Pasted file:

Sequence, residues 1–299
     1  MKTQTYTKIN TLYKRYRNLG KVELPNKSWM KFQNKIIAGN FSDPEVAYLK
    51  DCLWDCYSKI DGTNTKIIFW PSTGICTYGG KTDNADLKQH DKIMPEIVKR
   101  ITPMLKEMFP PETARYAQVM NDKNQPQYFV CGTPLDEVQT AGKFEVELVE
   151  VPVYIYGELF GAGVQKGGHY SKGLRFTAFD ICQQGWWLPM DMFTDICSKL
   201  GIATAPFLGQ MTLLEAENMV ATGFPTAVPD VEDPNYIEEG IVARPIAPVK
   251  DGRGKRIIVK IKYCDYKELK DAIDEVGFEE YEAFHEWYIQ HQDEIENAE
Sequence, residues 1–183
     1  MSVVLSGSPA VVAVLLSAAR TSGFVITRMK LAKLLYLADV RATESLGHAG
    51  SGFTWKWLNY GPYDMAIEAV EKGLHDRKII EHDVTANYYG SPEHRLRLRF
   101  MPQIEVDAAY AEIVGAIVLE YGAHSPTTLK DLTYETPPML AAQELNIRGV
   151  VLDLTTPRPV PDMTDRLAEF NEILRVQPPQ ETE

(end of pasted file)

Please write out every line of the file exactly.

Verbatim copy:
Sequence, residues 1–299
     1  MKTQTYTKIN TLYKRYRNLG KVELPNKSWM KFQNKIIAGN FSDPEVAYLK
    51  DCLWDCYSKI DGTNTKIIFW PSTGICTYGG KTDNADLKQH DKIMPEIVKR
   101  ITPMLKEMFP PETARYAQVM NDKNQPQYFV CGTPLDEVQT AGKFEVELVE
   151  VPVYIYGELF GAGVQKGGHY SKGLRFTAFD ICQQGWWLPM DMFTDICSKL
   201  GIATAPFLGQ MTLLEAENMV ATGFPTAVPD VEDPNYIEEG IVARPIAPVK
   251  DGRGKRIIVK IKYCDYKELK DAIDEVGFEE YEAFHEWYIQ HQDEIENAE
Sequence, residues 1–183
     1  MSVVLSGSPA VVAVLLSAAR TSGFVITRMK LAKLLYLADV RATESLGHAG
    51  SGFTWKWLNY GPYDMAIEAV EKGLHDRKII EHDVTANYYG SPEHRLRLRF
   101  MPQIEVDAAY AEIVGAIVLE YGAHSPTTLK DLTYETPPML AAQELNIRGV
   151  VLDLTTPRPV PDMTDRLAEF NEILRVQPPQ ETE